Commercial law, litigation, contracts, IP, property law
I think your concerns are justified, as a director you would be personally liable if the company breaks any of the relevant laws. I would not touch this without personal guarantees from the other party and to ensure these were enforceable may be a step too far.
Just consider this, what if those aeroplane parts actually contain drugs???
Agree with Citizen Joe - if you are named Director, you are also responsible for any financial debt also.
Your friend does not need to be registered in Australia for tax purposes, however with no ABN, he is unable to claim back GST. ( He may be able to claim back once he has his ABN )
In the interim, he can apply for a CCID ( Customs Client Identifier ) with Border Force, and can use that on the import entries as owner of the Imported goods.
He will need advice from an Australian accountant regarding if he can charge GST when he on-sells the parts here, and if he can claim back GST.
DO NOT be a Director in this circumstance.
Your above facts closely resemble the concept of a â€œsilent directorâ€. The above posts by the senior members of the forum correctly state that as a director you will be personally liable for any breaches. Recent development in case law and the directors' duties enshrined in the Corporations Act 2001 (Cth) make it clear that the directors are required to fulfil the duties and breach of any duty and responsibility can possibly make them personally liable.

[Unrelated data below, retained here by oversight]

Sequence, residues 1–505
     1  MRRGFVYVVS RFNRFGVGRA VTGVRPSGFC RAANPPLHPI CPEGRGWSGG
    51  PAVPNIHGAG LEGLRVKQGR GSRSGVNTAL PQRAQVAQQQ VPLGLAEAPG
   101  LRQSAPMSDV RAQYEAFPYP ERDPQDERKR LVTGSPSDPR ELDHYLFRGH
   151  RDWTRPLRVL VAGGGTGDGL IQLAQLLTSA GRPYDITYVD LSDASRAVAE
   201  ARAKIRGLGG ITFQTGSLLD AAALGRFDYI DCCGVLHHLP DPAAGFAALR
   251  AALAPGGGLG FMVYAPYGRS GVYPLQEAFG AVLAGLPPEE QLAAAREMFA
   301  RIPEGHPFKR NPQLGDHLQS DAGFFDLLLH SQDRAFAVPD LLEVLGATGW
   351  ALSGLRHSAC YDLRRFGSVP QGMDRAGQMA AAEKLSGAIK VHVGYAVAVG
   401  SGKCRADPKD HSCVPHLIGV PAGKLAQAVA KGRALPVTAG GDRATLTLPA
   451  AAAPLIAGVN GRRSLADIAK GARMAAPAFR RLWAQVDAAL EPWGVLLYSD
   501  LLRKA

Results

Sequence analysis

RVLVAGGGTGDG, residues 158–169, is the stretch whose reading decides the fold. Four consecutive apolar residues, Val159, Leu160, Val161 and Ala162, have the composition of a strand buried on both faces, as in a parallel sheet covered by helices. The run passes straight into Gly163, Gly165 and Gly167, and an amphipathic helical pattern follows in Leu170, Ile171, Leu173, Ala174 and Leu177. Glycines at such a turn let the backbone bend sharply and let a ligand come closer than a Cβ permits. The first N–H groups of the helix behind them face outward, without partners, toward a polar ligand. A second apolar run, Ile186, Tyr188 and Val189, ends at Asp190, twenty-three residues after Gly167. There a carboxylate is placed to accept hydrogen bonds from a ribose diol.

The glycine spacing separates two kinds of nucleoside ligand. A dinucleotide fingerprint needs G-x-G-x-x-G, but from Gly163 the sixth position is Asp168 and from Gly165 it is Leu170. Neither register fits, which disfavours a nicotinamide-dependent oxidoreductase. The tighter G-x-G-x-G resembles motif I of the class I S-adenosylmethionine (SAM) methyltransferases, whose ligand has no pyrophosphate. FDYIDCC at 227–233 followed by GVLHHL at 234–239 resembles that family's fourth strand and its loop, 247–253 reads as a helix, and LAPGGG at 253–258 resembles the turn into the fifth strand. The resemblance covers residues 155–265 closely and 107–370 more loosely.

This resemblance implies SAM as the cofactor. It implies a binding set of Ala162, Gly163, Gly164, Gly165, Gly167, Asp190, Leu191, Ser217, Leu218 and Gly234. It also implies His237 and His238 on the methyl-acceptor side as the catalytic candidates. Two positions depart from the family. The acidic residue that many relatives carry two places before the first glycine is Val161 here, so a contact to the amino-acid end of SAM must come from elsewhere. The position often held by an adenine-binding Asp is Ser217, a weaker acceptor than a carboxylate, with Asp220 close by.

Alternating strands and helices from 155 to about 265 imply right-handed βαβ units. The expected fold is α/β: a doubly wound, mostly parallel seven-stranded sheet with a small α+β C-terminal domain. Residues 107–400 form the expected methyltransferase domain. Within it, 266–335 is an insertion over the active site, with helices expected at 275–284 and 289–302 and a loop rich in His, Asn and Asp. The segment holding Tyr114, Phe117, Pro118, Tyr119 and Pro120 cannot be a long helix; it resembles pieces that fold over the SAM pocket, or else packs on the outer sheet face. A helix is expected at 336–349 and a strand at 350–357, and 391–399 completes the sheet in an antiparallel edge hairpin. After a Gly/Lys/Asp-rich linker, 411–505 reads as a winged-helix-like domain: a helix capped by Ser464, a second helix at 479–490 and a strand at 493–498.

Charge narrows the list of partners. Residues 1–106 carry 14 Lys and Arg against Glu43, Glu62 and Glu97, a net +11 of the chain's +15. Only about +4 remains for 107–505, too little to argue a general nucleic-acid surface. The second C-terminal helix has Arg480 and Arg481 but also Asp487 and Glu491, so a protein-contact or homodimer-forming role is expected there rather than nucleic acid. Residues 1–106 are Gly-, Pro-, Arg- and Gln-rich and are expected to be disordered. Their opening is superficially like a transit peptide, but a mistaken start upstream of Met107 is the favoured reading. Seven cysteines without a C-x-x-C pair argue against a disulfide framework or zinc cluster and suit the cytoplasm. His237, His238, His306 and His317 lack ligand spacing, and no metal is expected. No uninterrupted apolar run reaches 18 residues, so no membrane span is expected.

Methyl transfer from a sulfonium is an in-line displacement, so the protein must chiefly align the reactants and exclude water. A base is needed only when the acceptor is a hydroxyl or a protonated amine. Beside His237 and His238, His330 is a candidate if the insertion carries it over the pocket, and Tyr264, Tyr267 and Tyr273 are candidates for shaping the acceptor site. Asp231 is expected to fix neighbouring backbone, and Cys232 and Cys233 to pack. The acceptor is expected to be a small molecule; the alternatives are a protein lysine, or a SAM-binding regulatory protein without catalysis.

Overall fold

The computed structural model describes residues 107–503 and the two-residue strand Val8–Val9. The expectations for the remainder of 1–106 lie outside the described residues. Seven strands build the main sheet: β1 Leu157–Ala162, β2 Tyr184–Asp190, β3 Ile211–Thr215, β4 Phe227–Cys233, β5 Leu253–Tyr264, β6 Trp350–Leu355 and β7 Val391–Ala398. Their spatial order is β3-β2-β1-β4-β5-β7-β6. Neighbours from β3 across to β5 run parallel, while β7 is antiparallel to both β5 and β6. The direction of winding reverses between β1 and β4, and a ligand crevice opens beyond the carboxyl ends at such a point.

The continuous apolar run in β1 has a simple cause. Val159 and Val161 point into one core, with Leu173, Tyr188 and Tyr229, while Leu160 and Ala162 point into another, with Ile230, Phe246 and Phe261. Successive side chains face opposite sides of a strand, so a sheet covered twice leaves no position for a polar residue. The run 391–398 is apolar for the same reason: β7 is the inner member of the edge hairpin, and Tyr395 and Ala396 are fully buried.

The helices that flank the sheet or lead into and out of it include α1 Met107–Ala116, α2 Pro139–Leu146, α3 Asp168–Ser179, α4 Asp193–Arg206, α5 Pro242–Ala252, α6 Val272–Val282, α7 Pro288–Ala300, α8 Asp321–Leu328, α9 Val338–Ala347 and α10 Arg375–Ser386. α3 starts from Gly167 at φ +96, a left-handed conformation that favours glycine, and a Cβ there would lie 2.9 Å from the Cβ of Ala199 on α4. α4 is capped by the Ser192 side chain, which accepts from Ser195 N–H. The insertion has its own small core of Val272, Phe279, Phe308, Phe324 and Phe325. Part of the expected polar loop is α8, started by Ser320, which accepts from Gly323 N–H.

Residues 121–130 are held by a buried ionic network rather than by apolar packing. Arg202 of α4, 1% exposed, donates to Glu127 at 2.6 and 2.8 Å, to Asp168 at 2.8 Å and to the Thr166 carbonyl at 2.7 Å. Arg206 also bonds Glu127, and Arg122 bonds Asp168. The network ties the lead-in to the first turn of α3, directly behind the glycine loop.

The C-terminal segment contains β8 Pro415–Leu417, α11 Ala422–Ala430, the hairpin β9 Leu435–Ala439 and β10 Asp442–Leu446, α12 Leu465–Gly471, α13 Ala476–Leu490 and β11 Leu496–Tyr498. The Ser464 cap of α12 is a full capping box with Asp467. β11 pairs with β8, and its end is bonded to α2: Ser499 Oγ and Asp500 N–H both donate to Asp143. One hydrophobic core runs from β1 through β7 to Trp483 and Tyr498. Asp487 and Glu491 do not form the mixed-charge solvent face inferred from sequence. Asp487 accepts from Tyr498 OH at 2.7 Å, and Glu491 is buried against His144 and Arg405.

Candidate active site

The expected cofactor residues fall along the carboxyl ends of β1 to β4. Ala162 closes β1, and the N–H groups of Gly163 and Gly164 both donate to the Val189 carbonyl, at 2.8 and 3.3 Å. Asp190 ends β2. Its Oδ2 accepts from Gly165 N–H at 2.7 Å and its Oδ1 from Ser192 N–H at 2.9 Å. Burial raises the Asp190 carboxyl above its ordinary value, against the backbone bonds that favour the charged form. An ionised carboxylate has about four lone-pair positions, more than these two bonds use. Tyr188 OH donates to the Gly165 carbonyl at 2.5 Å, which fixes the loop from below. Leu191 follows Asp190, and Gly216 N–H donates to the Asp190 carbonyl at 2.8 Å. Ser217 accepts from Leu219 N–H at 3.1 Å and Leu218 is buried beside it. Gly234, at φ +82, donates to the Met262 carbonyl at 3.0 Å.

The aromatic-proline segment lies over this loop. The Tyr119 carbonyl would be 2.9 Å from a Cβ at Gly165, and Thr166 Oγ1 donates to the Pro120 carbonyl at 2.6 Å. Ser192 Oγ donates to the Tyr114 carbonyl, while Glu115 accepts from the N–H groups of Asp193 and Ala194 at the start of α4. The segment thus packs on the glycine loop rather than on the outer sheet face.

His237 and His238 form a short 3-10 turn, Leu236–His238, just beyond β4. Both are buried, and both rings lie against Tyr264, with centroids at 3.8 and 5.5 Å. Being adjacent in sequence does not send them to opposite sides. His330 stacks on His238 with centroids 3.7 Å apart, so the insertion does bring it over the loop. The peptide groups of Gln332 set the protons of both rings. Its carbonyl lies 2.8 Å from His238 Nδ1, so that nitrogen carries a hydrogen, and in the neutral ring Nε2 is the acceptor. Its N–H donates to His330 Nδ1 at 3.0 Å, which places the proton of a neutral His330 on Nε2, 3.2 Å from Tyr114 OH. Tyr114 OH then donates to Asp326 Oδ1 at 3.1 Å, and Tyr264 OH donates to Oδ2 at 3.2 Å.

In addition, it is both risky and wrong to conclude that a silent director does not have the same duties and responsibilities as an active director. To demonstrate this by way of an example, the Supreme Court of Western Australia held that sleeping director of the company was equally and jointly liable for breaches of the statutory duties even though the director did not actively took part in managing affairs of the company.
In short, as a director you must meet your obligations and failing to keep an active approach can possibly make you personally liable for the breaches.
Should you wish to discuss this matter further, please feel free to contact us via email on email@example.com, via phone on (03) 8564 8474 or visit our website at www.amklaw.com.au
jaazzz 2018-03-26 23:25:43